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Lord Swinfen: I am grateful to the Minister for agreeing to consider these matters further. If in a particular area a good number of disabled or elderly people need to travel outside the relevant time, they will probably use their own vehicles and add to congestion. Therefore, the removal of the relevant time provisions will ease rather than worsen congestion. I hope that in the case of door-to-door transport provisions the Minister will bear in mind that often severely disabled people have the smallest incomes and, therefore, can be described as the poorest of the poor in this country. I am sure that they would very much appreciate any help that the Government could provide. Having said that, I beg leave to withdraw the amendment.

Amendment, by leave, withdrawn.

10 Jul 2000 : Column 101

Lord Bradshaw moved Amendment No. 162:

    Page 88, line 8, at end insert--

("(6) Where a flat fare scheme is provided which overall offers better value than a half-price travel concession the flat fare scheme may be substituted by the authority.
(7) An appeal against such substitution may be made to the traffic commissioner for the area.").

The noble Lord said: Amendment No. 162 is a very important amendment related to flat fare schemes. The Bill proposes that a half-fare scheme should be introduced for people of pensionable age. In many towns and cities the local authority provides a flat fare which for most people is a distinctly better option than a half-fare. Where one has a flat rate, which is often 30p, the ordinary single fare may be 40p or 50p. However, the vast majority of fares are 60p, £1 or £1.50. A flat fare in a city is extremely valuable to an operator in terms of its simplicity.

Elderly people make up a large proportion of bus passengers. They become used to tendering 30p. They have the money ready, drop it down, and the bus moves off. A change to a half fare scheme involves calculation. The lowest fare may be 50p. Therefore the half fare cost is 25p for a short journey and a 30p flat fare scheme is a more generous offer and would be allowable. But one still has two different fares within that company's area. In many cases the situation would be far more complex.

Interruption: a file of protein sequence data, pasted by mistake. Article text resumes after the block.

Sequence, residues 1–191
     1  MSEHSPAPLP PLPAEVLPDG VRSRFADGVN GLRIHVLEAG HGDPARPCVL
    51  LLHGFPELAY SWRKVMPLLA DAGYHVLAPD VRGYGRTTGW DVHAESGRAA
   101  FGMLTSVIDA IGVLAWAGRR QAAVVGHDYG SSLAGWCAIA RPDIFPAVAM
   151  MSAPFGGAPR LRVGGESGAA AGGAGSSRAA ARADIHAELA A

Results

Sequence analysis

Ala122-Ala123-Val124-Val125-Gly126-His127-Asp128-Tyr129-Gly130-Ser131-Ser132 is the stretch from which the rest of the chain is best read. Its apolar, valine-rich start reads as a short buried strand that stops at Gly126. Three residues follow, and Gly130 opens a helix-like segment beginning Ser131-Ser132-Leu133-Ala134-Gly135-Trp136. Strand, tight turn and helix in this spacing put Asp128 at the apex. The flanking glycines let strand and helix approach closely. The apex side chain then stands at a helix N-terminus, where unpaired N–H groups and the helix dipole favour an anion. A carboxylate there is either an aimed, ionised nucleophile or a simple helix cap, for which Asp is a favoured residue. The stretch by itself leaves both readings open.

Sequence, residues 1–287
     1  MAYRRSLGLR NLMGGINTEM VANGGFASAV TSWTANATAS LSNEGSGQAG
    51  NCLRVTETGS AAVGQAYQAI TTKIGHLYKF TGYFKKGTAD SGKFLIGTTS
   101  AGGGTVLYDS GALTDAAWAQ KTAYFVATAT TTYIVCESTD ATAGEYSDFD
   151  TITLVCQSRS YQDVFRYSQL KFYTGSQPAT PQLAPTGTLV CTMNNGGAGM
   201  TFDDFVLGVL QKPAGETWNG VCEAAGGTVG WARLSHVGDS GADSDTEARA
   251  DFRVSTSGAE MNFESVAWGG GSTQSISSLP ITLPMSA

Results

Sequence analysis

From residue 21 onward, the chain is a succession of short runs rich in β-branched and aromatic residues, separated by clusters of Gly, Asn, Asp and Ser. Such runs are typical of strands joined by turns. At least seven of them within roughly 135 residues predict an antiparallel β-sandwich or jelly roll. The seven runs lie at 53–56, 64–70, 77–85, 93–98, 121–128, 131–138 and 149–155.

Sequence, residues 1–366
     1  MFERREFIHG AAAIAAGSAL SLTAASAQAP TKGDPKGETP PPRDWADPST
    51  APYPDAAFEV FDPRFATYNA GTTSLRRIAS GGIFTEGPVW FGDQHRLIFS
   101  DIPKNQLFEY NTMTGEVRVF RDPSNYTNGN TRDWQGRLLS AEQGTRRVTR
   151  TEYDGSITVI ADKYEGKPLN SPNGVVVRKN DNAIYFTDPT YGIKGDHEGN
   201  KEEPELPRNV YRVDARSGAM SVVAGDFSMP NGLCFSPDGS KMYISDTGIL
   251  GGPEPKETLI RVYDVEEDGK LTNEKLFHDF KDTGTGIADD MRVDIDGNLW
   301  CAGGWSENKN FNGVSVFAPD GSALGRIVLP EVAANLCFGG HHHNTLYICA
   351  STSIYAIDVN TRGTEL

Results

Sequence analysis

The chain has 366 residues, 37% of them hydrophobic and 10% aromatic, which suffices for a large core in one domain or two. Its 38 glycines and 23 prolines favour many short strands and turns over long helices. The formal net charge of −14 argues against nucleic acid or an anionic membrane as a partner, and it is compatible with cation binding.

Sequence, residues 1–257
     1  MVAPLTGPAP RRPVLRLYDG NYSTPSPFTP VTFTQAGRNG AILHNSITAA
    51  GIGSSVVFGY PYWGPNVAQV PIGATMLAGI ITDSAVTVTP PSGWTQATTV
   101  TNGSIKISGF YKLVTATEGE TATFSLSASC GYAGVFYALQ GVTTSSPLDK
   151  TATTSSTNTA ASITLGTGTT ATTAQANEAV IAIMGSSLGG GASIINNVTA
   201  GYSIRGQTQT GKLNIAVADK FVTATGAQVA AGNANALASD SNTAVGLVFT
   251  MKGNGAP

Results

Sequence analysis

The amendment seeks to provide that where there is a flat fare scheme at present, provided that it gives better value to the vast majority of users than the half fare scheme, it should be possible to leave the flat fare scheme in place. It suits better the vast majority of users. It suits the bus companies. It is less complex to administer. One of the most important factors is that the boarding of buses should take place as quickly as possible so that the bus does not hold up the traffic flow.

We recognise that someone has to exercise a judgment as to whether a flat fare scheme is better than a half fare scheme. The amendment provides that that person could be the traffic commissioner. In other suggestions it is the regional office of government. The traffic commissioner might provide a faster route to obtaining an answer to a local problem.

Perhaps the Minister can reassure us about the resources to meet the costs of these schemes. The sums mentioned in Committee in another place fall short of the likely cost; a large sum might fall on local authorities. In another place, the Minister said that he expected local authorities which had different schemes in operation to allow existing schemes such as token schemes to operate and for users to have a choice of both schemes. A local authority might have to fund the half fare scheme and continue to fund a parallel token scheme which some individuals might choose instead of the half fare bus pass.

It is a complex but serious issue for bus operators who seek to simplify travel by bus. In many cities bus companies and local authorities are united in their view that flat fares should be left in place provided they pass the test of being best value for the user. I beg to move.

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10.15 p.m.

Lord Whitty: I appreciate that there is concern on this issue. However, there are three reasons why we should stick with our present position.

First, the White Paper promised travel at half fare on buses. There was no reference to "most buses", "except where there is a flat fare" or, to use phraseology in the noble Lord's amendment, "overall". We should need to be more convinced than at present to abandon that commitment.

Secondly, it will be difficult for someone to make a judgment on whether one scheme "overall" offers better value than others. "Overall" is a difficult word when we refer to individual fares for individual journeys and have to weigh one journey against another. There is plenty of scope for serious grievance and, possibly, legal action. That is a difficult task to put on the hard-pressed traffic commissioner, particularly since he otherwise has no involvement in the concessionary fare scheme.

Thirdly, cheap fares for short journeys may be particularly valued by the elderly and disabled--those facing mobility difficulties. They may value their short journey to the shop and it might be hard to explain to them why, when the flat fare is more than half, we were not giving them what we had promised. I hope that those in local authorities and among the operators who are concerned about the matter will think around those difficulties.

I would not rule out alternative answers. One answer might be to have a lower fare for short journeys and a higher fare for longer trips. However, that begins to move away from the simplicity of the initial approach. I hope that a solution can be found and that we can deliver a provision which meets most concerns. For the moment, I am not convinced that we should move away from the principle.